VistaDB Pagesize Limits

Pagesize Limitations on tables, index, etc

Pagesize has always had a direct effect on the number of columns that could be present in a table, size of a description, max length on a view, etc. Now we are enforcing those limits a little more strictly, and PackDatabase has been updated to promote a database to the correct pagesize for the data in the database.

There are a number of other features that are also impacted by changing the pagesize on a database as well. See the Database Specifications page for more information.

All database pages have a 96 byte header that is required for tracking structures, trees, versions, etc. There are other limits on things like max binary that can be stored in extended data, etc. But that is best left for an entire page explaining things like in row versus extended row data.

Page Size* Max Columns Max Index Key Columns Max Index
Columns Total
Max Fixed Data Row Size

1 Kb





2 Kb





3 Kb





4 Kb





6 Kb





8 Kb




16 Kb 1,024 6 1024 13,472

*SQL Server has a fixed 8 Kb pagesize. We have limited some of our variables to match SQL Server, this ensures easier migration of data from VistaDB up to SQL Server. Note that 16 Kb pagesize can generate data larger than SQL Server can normally handle.

Pagesize impacts performance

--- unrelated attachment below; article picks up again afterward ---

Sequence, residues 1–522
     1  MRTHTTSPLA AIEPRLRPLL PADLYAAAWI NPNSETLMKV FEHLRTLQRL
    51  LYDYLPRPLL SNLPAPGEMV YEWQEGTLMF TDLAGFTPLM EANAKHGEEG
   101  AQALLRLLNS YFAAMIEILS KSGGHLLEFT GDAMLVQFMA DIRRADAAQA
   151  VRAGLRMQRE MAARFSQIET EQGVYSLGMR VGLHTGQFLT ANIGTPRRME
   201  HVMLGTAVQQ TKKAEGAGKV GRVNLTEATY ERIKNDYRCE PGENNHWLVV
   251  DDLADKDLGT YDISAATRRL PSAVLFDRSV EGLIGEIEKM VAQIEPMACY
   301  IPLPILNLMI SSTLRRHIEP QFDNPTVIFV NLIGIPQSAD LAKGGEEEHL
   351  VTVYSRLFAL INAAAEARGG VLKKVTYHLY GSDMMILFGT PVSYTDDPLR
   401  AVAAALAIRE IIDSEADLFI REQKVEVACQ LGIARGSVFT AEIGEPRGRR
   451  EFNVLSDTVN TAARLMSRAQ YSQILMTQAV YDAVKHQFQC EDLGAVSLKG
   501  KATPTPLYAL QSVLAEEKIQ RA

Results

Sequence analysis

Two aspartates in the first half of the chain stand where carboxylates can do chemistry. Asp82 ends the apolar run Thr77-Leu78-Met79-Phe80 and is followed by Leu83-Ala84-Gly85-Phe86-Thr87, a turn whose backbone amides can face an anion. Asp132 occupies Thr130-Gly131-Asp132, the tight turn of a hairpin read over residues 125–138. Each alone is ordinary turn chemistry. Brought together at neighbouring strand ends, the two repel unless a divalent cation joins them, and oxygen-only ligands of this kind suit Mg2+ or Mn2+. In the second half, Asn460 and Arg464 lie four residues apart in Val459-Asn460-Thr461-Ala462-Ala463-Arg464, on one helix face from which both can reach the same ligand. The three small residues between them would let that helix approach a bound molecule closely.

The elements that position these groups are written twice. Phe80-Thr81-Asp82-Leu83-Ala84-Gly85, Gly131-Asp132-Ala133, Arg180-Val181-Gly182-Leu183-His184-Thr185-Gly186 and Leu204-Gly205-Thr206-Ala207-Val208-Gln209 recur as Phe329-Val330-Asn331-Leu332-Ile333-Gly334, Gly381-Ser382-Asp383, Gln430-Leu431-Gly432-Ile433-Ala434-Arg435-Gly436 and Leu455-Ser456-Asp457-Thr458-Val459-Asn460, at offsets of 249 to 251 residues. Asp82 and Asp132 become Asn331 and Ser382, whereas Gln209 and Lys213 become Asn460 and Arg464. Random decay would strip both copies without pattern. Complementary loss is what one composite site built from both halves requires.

As an example of why limits are needed, lets say you have a database with an average row length of 500 bytes, but your pagesize is set to 1k. More than 2 of these rows will usually fit in a page (resulting in very poor performance and fragmentation of indexes, etc). Pack will now increase the pagesize to attempt to fit 3-5 rows in a page. This can have some consequences on filesize as well.

Other things like the maximum number of columns in a table were all dynamically calculated based upon the data in the schema. This is great from a technical standpoint as it provides the most flexibility, but unless you love databases and schema the way we do you probably don't ever check this stuff and just expect it to handle it. Now we are enforcing limits based upon the pagesize that make sense in what we see from user databases.

When you add in some of the overhead per page or index there are numbers that don't appear to line up evenly. The numbers have been rounded to make more sense and are now enforced at creation and update. For example if you have a 1k database and attempt to add a new column to that database you may get an error that the max number of columns have been exceeded for your pagesize. Packing the database may modify the pagesize for you, or you may need to go do it by hand.

We tried to model our limits on SQL Server limits so users will have no problem upsizing later if they need to do so. SQL Server always has an 8 kb page size. So do not use a larger pagesize (we support up to 16 kb for corporate licenses), but this should only be used with careful consideration.

Self Imposed Limits

VistaDB was designed using 32-bit and 64-bit memory addressing in most situations that required large upper limits. The effect of supporting large upper limits are ranges that exceed 4 billion or 4GB for 32-bit values and provides massive Exabytes limits for 64-bit values.

Because of our focus on supporting the creation of small to mid size applications, supporting such enormous upper limits is not feasible for testing. Therefore we have implemented some self-imposed limits when it seemed appropriate.